Body building

What is the Distinction Between ‘Useful Coaching’ and Bodybuilding?

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The term "functional training" has become a controversial buzzword in bodybuilding circles. If you post a picture of yourself as you pull out leg extensions or side elevations, you probably will not be left with comments like "This does not work" or "LMK when you post a DL" and "How does that work?" Flooded to help you with the zombie apocalypse? "

Madness, right? You spend years building a body that you can be proud of, only to find out you've been doing something wrong all along. But are you right? Is bodybuilding all show and no-go? Is it functional?

To answer this question, we first need to define what functional training is – and that can be a surprisingly delicate matter. Some followers will tell you that they use exercises that resemble real movements. others say it's about free weights, stability balls and compound movements. Still others will tell you that it is easy to train a specific person for a particular goal.

The intelligent bodybuilding training considers all these criteria. Almost every muscle head worthy of its Callouses performs variations on real movements such as squats, lunges, deadlifts, and pull-ups. Almost all train with stability balls and free weights. And if they are smart, they can tailor their workouts to address weaknesses and achieve their specific goals.

So we could end the discussion there and say that bodybuilding training is functional – the end of the story. But there is more to analyze here, as all functional trainers seem to think that their approach is not about appearance. As a side effect, the training can improve your appearance functionally – but that's definitely not the main focus. According to the American Council on Exercise, an organization that certifies personal trainers, "the primary goal of functional training is to transfer the power improvements … to improve the performance of another movement." It's not about how you look, but about it What it's about you can do.

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As a correction for the claim that fitness culture can be on the verge of physical shame, this is a refreshing perspective. According to the National Eating Disorders Association, a major risk factor for anorexia nervosa is participating in a sport that focuses on "looks, weight requirements or musculature". Bodybuilding is specifically mentioned.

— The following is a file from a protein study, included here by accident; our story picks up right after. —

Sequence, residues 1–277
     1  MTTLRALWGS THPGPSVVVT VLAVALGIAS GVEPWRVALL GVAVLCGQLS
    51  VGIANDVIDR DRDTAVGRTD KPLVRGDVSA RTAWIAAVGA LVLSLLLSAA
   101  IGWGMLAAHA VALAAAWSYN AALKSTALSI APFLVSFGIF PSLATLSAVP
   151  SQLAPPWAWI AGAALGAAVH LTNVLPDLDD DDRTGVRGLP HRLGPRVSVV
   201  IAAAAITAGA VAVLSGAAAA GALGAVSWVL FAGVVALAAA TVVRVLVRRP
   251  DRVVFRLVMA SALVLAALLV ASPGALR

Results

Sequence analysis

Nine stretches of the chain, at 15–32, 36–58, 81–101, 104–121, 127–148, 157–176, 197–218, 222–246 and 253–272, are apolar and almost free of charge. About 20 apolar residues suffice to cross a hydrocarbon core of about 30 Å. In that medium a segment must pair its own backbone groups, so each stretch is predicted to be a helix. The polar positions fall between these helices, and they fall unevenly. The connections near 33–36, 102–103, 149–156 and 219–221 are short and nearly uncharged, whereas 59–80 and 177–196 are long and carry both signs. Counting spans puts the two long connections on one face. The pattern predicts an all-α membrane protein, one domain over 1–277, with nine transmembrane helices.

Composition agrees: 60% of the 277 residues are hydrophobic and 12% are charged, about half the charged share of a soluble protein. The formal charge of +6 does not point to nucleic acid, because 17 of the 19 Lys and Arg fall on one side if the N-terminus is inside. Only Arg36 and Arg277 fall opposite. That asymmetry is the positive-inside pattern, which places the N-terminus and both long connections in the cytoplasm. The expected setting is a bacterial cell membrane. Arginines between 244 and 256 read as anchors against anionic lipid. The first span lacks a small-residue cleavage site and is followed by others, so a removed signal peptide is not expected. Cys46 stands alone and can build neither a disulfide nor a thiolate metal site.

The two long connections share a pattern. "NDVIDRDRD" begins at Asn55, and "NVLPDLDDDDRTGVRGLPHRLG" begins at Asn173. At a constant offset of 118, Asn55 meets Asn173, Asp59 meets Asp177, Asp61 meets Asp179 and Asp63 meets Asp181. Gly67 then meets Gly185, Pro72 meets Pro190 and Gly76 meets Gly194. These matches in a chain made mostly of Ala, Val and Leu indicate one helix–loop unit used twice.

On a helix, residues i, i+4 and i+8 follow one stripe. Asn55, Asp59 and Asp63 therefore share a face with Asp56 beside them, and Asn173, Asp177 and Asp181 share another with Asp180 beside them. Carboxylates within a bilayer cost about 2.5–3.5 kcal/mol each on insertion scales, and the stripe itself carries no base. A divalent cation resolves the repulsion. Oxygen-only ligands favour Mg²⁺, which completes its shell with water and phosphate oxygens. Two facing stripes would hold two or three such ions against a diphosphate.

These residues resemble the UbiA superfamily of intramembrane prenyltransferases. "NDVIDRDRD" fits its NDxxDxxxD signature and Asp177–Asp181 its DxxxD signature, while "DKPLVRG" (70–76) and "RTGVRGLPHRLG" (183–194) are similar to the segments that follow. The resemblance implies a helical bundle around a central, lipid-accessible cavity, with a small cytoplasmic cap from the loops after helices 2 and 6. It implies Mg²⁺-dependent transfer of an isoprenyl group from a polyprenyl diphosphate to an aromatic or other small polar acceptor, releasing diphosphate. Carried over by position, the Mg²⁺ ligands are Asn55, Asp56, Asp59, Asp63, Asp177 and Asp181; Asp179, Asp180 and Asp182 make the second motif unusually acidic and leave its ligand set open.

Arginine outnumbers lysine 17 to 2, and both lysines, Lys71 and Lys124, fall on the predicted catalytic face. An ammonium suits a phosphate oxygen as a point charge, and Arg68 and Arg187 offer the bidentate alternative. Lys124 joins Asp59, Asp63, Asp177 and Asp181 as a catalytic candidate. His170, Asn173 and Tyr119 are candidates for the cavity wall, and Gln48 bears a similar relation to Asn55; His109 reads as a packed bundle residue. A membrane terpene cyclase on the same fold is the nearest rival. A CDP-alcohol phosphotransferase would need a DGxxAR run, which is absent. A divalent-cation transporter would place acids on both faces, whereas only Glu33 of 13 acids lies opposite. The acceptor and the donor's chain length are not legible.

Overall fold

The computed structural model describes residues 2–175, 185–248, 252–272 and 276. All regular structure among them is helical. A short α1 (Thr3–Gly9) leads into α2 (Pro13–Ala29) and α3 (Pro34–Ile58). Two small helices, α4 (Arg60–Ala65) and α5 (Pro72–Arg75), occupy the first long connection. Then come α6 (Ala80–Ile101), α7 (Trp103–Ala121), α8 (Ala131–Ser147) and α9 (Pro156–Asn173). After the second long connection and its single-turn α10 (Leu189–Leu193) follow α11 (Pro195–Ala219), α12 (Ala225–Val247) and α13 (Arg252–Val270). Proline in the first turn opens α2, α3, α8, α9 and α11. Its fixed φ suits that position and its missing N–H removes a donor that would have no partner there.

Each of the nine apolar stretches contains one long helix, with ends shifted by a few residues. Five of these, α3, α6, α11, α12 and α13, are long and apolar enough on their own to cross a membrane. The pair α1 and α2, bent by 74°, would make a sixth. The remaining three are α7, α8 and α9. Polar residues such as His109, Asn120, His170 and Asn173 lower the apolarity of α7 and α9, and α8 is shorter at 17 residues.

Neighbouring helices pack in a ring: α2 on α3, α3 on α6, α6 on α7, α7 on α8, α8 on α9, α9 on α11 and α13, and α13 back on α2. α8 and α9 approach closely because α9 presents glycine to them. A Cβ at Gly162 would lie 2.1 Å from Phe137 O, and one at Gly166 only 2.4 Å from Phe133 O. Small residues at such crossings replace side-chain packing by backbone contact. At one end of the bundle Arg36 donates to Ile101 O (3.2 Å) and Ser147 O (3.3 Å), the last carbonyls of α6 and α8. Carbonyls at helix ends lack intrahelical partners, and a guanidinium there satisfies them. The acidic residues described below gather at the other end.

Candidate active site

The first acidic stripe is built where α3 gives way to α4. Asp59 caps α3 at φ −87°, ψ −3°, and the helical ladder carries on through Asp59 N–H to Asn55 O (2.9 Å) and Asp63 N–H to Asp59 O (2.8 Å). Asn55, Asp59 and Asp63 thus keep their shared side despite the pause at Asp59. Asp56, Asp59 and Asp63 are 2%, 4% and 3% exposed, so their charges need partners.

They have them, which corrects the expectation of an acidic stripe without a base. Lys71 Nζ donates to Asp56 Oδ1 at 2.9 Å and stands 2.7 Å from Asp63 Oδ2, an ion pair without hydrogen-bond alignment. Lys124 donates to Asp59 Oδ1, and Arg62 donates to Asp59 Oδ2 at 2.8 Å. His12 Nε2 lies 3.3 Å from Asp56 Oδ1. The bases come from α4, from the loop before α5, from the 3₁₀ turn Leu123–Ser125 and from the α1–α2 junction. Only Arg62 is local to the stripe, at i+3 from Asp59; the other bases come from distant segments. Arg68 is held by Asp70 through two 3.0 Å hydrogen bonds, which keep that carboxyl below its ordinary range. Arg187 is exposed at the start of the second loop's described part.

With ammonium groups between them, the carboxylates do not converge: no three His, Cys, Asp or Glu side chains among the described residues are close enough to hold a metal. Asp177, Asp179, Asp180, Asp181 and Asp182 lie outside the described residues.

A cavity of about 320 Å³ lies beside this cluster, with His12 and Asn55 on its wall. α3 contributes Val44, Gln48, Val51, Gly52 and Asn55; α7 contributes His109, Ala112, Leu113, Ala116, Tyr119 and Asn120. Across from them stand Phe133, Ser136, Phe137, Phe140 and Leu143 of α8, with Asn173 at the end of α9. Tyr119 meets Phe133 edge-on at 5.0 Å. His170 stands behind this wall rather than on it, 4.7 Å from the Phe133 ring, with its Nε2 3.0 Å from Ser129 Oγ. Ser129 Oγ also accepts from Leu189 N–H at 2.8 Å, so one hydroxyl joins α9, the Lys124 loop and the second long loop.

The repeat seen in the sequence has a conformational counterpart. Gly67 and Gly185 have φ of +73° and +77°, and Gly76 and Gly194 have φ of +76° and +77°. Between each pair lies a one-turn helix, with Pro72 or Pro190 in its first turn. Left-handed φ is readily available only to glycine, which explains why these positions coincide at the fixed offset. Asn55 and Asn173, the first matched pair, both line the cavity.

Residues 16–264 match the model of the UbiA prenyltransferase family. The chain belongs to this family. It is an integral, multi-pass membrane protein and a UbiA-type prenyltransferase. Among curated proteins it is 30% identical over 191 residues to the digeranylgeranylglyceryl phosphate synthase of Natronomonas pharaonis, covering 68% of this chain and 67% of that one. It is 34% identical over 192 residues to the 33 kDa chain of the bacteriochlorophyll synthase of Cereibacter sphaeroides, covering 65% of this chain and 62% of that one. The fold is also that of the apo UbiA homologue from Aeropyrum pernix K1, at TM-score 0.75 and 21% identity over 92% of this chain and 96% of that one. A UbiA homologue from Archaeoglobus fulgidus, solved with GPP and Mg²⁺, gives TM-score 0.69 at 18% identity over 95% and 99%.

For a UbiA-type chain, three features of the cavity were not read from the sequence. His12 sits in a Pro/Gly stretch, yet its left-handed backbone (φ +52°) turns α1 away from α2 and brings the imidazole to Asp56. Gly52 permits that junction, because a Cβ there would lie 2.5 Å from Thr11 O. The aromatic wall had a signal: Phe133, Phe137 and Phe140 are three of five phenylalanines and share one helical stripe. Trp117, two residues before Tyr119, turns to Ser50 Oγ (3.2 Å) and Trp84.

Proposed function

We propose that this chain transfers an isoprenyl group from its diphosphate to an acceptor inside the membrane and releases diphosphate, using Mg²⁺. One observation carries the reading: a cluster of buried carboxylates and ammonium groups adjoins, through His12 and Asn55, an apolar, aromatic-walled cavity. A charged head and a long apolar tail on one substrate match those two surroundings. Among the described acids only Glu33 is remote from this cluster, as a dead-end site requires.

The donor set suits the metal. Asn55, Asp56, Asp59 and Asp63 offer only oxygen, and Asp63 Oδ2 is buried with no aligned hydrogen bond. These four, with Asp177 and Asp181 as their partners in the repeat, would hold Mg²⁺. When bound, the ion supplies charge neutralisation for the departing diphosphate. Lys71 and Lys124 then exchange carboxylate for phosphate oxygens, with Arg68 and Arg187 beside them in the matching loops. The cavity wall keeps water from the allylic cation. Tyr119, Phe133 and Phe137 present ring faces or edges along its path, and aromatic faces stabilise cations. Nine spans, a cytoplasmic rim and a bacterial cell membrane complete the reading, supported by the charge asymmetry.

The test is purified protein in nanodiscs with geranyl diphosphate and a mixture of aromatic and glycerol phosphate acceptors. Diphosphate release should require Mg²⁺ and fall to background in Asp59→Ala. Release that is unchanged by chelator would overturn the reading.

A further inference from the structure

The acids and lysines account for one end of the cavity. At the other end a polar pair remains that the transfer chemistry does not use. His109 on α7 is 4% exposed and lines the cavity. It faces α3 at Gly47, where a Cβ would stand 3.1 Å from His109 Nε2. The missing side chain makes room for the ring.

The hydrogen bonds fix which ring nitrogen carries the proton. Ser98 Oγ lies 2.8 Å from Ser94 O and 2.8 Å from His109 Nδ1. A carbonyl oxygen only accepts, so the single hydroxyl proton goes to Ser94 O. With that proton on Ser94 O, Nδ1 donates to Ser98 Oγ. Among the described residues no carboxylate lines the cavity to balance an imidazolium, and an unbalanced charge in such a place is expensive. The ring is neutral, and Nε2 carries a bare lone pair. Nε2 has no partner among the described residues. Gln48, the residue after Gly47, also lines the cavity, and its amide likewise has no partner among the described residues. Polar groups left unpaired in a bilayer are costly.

If you turn your attention away from measurements of appearance (weight, body fat percentage, body measurements) and base them on performance measurements such as weight lifting and repetitions, functional training may reduce the pressure and judgment that bodybuilders – especially female – may have. Feel in an activity that is ultimately about what you look like in swimwear or bikinis.

In practice, however, there is little difference between training to look better and training to work better. As any bodybuilder will tell you, preparing for the stage is more about the work you do in the kitchen. The reality is that most bodybuilding exercises can help someone build strength that translates into real movement. For example, a study published in JAMA found that leg stretchers – a single-jointed exercise that is often considered "non-functional" by functional trainers – nearly tripled their muscle power three times a week for eight weeks and increased their walking speed almost three-fold by 50 percent a group of 90-year-old men.

Another study from 2016 compared the effects of squats – a "functional" movement – with those of leg presses – a "non-functional" movement – in explosive force and balance tests. Both exercises improved the performance of the subjects during the functional tests.

Takeaway: You can not definitely designate an exercise or training as functional or nonfunctional – there are only appropriate or inappropriate functions for a person, given their respective goals and limitations. Selecting exercises, repetition programs, and training programs that meet your goals and tracking performance indicators to achieve them does not sound like a functional approach, a non-functional approach, or something in between: it just sounds like smart training.

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